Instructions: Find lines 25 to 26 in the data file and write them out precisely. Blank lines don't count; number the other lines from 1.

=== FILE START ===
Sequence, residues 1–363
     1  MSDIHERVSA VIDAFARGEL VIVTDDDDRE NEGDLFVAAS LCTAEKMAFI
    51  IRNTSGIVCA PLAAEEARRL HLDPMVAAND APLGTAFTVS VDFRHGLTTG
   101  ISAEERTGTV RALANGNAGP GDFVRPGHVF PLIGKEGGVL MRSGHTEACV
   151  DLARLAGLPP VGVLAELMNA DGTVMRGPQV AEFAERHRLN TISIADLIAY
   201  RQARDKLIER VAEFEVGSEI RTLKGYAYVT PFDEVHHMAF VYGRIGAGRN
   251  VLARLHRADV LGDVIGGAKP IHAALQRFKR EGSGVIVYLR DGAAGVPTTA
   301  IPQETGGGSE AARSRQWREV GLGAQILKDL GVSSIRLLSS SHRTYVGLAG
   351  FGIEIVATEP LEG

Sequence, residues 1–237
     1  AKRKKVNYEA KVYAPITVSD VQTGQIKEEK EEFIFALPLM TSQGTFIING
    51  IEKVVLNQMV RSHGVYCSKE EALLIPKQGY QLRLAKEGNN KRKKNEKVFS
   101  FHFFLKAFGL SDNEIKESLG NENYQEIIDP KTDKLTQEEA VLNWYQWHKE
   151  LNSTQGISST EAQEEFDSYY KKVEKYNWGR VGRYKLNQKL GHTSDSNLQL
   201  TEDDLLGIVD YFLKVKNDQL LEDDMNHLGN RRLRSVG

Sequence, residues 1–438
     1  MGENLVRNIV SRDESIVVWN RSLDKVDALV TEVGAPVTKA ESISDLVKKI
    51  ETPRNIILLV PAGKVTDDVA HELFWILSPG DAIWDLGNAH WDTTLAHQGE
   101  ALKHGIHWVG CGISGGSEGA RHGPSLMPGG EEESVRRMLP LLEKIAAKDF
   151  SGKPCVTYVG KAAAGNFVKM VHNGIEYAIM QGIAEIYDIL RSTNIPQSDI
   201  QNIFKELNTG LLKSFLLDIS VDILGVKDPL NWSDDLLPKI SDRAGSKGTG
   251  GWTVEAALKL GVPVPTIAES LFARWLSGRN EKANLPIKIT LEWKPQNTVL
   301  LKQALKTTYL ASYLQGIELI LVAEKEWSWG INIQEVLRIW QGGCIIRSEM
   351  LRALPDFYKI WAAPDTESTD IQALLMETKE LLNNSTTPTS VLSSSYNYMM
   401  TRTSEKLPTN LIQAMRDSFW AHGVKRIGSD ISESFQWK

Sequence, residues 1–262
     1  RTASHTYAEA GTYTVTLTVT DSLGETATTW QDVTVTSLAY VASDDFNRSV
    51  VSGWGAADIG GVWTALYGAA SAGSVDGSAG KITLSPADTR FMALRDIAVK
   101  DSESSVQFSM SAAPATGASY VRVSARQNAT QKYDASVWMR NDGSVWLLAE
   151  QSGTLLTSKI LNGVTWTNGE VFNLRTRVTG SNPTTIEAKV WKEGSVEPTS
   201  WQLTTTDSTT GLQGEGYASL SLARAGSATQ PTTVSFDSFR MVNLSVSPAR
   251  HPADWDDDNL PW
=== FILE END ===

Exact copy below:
   401  TRTSEKLPTN LIQAMRDSFW AHGVKRIGSD ISESFQWK

Sequence, residues 1–262